Finally, the French example is a relevant experimentation of the controversial issue of the sharing of the working time. It requires to get out of the neo-liberal though with a new paradigm shift. Of course, France has its own functional specificities and the roadmap to manage with the introduction of such reforms is depending on each country and its own legal and fiscal norms in force. Moreover, the European Union is maybe the larger entity able to lead such kind of policies. And significant developments demonstrated that the drop of the unemployment rate correlated with the share of labour activities in the aim with reducing the working time must not be overlooked.

By : Paul REÏSSI, M00602378, Exchange student

OECD data [Online] https://data.oecd.org/lprdty/gdp-per-hour-worked.htm.
AZSKENAZY, Philippe, BLOCH-LONDON, Catherine, ROGER, Muriel, ’La réduction du temps de travail 1997-2003’ : dynamique de constructions des lois « Aubry » et premières évaluations’, INSEE, 2003.
MARSEILLE, Jacques, ‘Empire colonial et capitalisme français’, Editions Albin Michel, 2005.
MEDA, Dominique, LARROUTUROU, Pierre, ‘Einstein avait raison, il faut sortir du temps de travail’, Editions de l’Atelier, 2016

shots anyone?

For most parents in the west, it would be inconceivable to raise children in the modern world without adequately protecting your child from infectious and deadly diseases through the use of vaccines. However, the devastating and heartbreaking reality for developing countries overseas is the spine-chilling statistic that around the world every 20 seconds a child dies from a disease preventable via immunisation (Savold,2016).

Low-income families across the developing world pray daily that primary killers such as diseases like Pneumonia, Diarrhoea, Malaria, Measles and HIV/AIDS  miraculously leave their child untouched.Unfortunately for most children living in poverty, even below the poverty line tragically do not make it past their infancy(World Health Organization). Not having access to routine immunisation and steady diets not only facilitates circumstances that allow pathogens to infect the child but to thrive; also raising the likeliness of a transmissible outbreak to other children especially amongst susceptible populations of deprived poverty (salvoed,2016).

Moderate successes such as the rescindment of smallpox and the elimination of poliomyelitis in most parts of the world played significant roles in developing of immunisation programs(Mahmoud,2004). However, according to results published by UNICEF, the rate of vulnerable children globally reaches to about 30 million children every year and similarly in countries such a Pakistan: Pneumonia claims the lives 92,000 children yearly(Morales,2015).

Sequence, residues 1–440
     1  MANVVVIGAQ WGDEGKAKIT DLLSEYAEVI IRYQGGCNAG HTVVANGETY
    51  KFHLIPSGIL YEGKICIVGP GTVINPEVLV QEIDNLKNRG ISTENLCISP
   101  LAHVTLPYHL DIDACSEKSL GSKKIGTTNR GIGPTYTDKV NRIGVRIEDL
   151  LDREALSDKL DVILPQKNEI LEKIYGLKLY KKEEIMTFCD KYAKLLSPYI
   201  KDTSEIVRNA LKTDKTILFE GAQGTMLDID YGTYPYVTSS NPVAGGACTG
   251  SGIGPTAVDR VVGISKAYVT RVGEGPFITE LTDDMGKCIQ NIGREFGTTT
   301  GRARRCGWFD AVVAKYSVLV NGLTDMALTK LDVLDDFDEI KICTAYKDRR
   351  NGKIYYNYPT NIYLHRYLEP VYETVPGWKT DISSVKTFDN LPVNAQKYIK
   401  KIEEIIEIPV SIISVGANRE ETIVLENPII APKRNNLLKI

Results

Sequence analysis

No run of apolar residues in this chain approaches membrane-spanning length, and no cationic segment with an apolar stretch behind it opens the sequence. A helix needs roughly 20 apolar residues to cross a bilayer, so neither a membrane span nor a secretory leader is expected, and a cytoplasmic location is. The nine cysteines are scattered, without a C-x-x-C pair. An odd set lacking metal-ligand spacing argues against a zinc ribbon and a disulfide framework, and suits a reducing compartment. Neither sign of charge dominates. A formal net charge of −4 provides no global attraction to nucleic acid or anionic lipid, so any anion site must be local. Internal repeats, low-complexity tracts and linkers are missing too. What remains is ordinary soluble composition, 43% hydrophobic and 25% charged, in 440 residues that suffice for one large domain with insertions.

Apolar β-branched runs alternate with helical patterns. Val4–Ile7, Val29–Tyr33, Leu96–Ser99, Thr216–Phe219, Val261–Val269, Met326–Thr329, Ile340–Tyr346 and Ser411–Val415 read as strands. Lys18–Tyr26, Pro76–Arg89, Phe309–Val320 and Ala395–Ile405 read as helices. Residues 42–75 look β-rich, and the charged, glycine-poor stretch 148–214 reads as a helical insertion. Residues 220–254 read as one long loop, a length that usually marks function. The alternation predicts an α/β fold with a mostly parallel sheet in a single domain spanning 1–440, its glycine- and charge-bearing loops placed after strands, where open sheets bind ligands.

A writer by the name Adel Mahmoud strongly criticises that “annual immunisation programs needs approximately two decades of continuous application to reach their full impact. The outcome of immunisation programs that do not meet both of these criteria is at best marginal”


.These alarming concerns are due to the systematic failure of immunisation programs struggling to overcome the process of storage and delivery in countries limited by scarce resources(World health Organisation).  Albeit Long distances in extreme conditions is not an uncommon challenge for transportation. However, the necessary development in vaccine formulation for longer lasting shelf lives carries an even greater obstacle with astronomical production costs and meagre funding.( Desai,  Kama,2014)

Regarding  Physical challenges such as political instability, conflict, economic uncertainty and stigmatism against vaccination in local communities also contributes to the strategic issues against closing the immunisation gap (Savold,2016).  Immunisation programs could infinitely benefit from utilising the benefits modern technologies( Desai,  Kama,2014).

If the International community can even dream of closing the gap it will require and significantly increased effort to expanding the immunisation program of the World Health Organization and other Non-governmental organisations such as UNICEF  and the United Nations. Requiring billions of dollars in funding over two decades, as well as beginning the systematic introduction of revolutionary and newer vaccines.where by the institutions and states can reach the highest levels of commitment to a standardised and permanent immunisation plan or face the continuous overwhelming reality of unnecessary high child mortality rates.